8 Oct 2020

Simon Sweetman - The Death of Music Journalism

From Afternoons with Jesse Mulligan, 1:45 pm on 8 October 2020

Music journalist and blogger Simon Sweetman is releasing his first poetry collection – The Death of Music Journalism.

Simon tells Jesse Mulligan he's been writing poetry since he was 13: "I've clocked a good 30 years at the wheel and I finally feel comfortable releasing a book of poems."

Simon Sweetman

Simon Sweetman Photo: Supplied

death music journalism sweetman

Photo: The Cuba Press

All poetry is a kind of diary, Simon says, and his poetry is especially so.

He's waiting a long time to be ready to present a collection of his work – and is more excited than daunted.

The title is open to interpretation – Simon says he just found it funny and quirky.

"I thought maybe people would pick it up and wonder if it was some giant rambling essay [literally] about the death of music journalism."

The book contains no less than 79 references to pieces of music and a QR code on the back will take readers to a Spotify playlist featuring all of them.

The Death of Music Journalism is published by The Cuba Press. It launches at the Wellington venue Meow on Sunday 11 October.

Taxi by Simon Sweetman (via Off The Tracks)

he's in the back of the

car, as usual, and i'm

his taxi driver.

my son asks me

if the day he was born

was the best day of

my life.

and i say"yes.

of course".

"what about when

you and mum got

married?", he quizzed.

"second. nearly as good.

can't have one without the


he nods. and i didn't go on

to tell him that the third best day

of my life was when he had

just turned two - and we were

driving to hawke's bay

for christmas. he and his

mother asleep.

and i had the ipod connected

to the car stereo. and i had made

a playlist.

the theme from the tv show 'taxi'

on a loop. (so that i didn't have to

keep pressing play, or find

the repeat function - instead

i had the same track loaded

30 or 40 times…)

bob james' perfect fender rhodes

instrumental - with

ralph macdonald on percussion and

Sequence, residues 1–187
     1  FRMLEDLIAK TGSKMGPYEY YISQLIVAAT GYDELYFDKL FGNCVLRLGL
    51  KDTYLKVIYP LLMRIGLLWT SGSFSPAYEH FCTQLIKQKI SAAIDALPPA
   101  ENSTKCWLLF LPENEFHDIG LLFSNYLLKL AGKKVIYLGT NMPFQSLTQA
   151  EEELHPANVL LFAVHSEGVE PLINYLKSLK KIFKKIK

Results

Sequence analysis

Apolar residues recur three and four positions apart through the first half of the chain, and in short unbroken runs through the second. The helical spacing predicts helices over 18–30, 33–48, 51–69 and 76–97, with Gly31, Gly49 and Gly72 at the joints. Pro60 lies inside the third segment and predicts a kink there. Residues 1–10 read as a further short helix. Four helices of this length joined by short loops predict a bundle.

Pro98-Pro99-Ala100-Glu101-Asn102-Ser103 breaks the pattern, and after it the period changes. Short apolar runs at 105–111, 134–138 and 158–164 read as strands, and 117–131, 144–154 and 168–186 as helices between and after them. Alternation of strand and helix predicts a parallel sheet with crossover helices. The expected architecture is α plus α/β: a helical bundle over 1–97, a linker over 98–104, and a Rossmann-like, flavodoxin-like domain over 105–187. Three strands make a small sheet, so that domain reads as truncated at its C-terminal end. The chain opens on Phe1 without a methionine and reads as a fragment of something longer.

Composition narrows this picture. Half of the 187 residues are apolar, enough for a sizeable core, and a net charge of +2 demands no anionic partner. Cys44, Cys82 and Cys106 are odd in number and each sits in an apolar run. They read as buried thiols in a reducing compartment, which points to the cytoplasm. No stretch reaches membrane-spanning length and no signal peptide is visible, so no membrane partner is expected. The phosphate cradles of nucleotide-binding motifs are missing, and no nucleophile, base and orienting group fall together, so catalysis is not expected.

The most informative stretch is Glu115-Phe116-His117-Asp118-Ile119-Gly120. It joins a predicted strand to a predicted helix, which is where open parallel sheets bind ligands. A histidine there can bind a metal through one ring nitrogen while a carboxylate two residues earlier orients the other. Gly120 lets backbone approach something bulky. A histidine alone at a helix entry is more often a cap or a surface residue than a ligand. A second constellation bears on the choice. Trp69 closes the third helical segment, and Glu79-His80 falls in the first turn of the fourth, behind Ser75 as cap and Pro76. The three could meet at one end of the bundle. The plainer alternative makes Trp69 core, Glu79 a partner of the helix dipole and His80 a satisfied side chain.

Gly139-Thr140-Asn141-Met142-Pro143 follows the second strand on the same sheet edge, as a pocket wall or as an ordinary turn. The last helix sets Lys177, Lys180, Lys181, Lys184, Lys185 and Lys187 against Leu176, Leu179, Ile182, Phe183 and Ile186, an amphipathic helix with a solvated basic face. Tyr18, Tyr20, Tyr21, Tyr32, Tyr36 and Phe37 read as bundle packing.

idris muhammad on drums. sounds like

eric gale's guitar slow-burning in the

lava-lamp glow.

i was their taxi driver. i'd look

to the left. then to the back-left.

that music from my childhood guiding

the way.

it was like i was the yellow-cab in a time-loop

(a new york minute?) driving over (and over)

the queensboro bridge.

checking my buckled passengers.

seven o'clock.


nine o'clock.

resting. their beautiful

faces. those wondrous souls.

all fire. all glitter and gold.

first and second.

(first equal of course!)

And the music my mantra, my

meditation, taking me back to the

friday nights when we'd wait

for dad to come home with the

fish'n'chips, when we'd laugh

at louie's anger and jim's madness

and the weird and silly and wonderful


me and my brother and my

mum and dad were maybe

at our closest watching m*a*s*h and family

ties, blackadder, the young ones, cheers,

married with children (and a few others).

definitely taxi!

but here i was…

driving the white lines with this

music that was taking me back

and taking me back as i was edging

ever-forward…in the yellow-cab of my


whimsy. nostalgia.

and so much more than that.

(does there need to be more than that

though? those two things are so

beautiful, so joyous and sad all at once,

they've helped me along in so many ways

through so many ways…)

profound beauty all wrapped

up in that slick and lovely groove.

people would maybe call a song

like that 'soulless' - to me it's the very

embodiment of soul…

and so it rolled on and on

and i did too.

checking their faces. me

elated. the calmest i'd been

in an age. or more.

and i was never

bobby wheeler.

i was their alex reiger.

but i was

better than alex reiger.

because they didn't just

have me. i had them.

and we had the music.

even if it was only

me listening…

that was the third-best-day

of my life.

and if i whispered that

it was the best,

well, that was only

because they were


and i

was their taxi.

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